It has been more than a year now that I have been out of active Army service. I served for five years and traveled to much of the world, including Iraq.
When I came back, I was just like any other veteran coming home -- jobless and with little support to keep me going. I found a decent job for a security company, and mostly now I work weekends only so that I can continue going to school full time.
I recently began buying the Star Tribune every Sunday. I find it informative and well-written. The stories are mostly without political bias and cover a broad news spectrum. I have to admit that Sundays are the only days I have time to read the paper.
I have noticed a few major articles that involved military veterans, particularly members of the Minnesota National Guard's 34th Infantry Division.
The first one I noticed ran in the Opinion Exchange section on March 22 under the headline "Red Bulls for hire." It was about employers traveling to Kuwait to assist National Guard members in searching for jobs. The article sparked my interest, but I put it down without concern since it was the first of its kind that I had seen.
However, a second article ("Vet heard voices, sought help -- and was turned away," April 15) began to raise my awareness about the reporting on veterans. What struck me was that the interviewed veteran was not an active-duty veteran but rather a National Guard member.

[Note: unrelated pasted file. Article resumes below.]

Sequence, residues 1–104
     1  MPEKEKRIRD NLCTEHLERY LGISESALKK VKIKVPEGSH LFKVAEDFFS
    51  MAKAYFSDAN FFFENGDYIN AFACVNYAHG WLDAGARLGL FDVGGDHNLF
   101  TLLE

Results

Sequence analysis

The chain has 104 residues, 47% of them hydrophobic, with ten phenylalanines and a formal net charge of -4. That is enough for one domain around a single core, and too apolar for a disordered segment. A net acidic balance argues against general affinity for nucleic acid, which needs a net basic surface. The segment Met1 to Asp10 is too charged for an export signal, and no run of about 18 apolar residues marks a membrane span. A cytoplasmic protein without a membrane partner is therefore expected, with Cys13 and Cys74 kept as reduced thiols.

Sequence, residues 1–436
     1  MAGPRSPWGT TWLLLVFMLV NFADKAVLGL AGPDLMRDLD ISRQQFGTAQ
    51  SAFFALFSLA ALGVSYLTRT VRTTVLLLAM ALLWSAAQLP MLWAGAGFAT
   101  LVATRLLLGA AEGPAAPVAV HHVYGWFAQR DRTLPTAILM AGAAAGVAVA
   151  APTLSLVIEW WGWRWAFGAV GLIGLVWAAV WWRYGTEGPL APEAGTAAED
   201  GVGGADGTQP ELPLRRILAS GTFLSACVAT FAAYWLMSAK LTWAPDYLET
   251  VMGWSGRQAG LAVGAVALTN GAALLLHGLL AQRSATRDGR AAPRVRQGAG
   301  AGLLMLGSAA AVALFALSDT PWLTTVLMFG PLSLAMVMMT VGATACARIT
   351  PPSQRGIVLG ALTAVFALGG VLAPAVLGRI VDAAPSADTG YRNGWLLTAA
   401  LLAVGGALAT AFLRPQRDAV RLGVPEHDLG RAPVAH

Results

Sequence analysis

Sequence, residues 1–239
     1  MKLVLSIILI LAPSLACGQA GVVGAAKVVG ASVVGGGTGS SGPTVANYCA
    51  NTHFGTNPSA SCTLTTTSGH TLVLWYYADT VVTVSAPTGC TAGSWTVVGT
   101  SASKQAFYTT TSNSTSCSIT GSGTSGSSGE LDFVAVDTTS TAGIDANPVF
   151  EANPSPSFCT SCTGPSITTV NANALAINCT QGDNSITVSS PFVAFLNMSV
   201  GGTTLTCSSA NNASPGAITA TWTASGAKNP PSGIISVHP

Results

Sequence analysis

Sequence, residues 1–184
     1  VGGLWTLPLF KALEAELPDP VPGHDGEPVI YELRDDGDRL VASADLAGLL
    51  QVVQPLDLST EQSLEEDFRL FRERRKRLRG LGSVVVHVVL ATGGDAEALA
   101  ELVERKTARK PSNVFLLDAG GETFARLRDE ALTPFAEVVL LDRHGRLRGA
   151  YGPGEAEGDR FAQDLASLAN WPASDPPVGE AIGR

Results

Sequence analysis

Another article -- "Guard soldiers are losing time to Pentagon's broken promise" -- ran on April 22. It made a big story about Guard members losing their time off.
That last article upset me because it was written as if losing days will really affect a member of the National Guard in the same way it would affect an active-duty member of the military.
In the National Guard, you come home when you are done with your deployment, then you go to drill once a month. In active service, whether in the Marines, Navy, Army or Air Force, you do not come home for at least another 30 days, and you still go right back to your duty station after your leave time.
I spent the last five years away from home and would have given anything to spend more than two weeks at a time in Minnesota while I was stationed in both Germany and Fort Carson, Colo.
The use of the National Guard to evoke emotions from Minnesotans would be one thing if the National Guard were the only military entity that existed, but it's not.
I have known many friends from this great state who have served on active duty -- that is, have decided to leave home for a term of service to their country (not the state) for anywhere from three to five years.
When we come home and see these things in the paper, it makes us feel like we are forgotten and do not matter.
We may not stand out because we no longer wear a uniform around town. That doesn't mean we do not exist.
Perhaps the Star Tribune could find some active-duty veterans and ask their opinions and incorporate them in the paper.
Nathan Moldenhauer lives in St. Paul.
The Opinion section is produced by the Editorial Department to foster discussion about key issues. The Editorial Board represents the institutional voice of the Star Tribune and operates independently of the newsroom.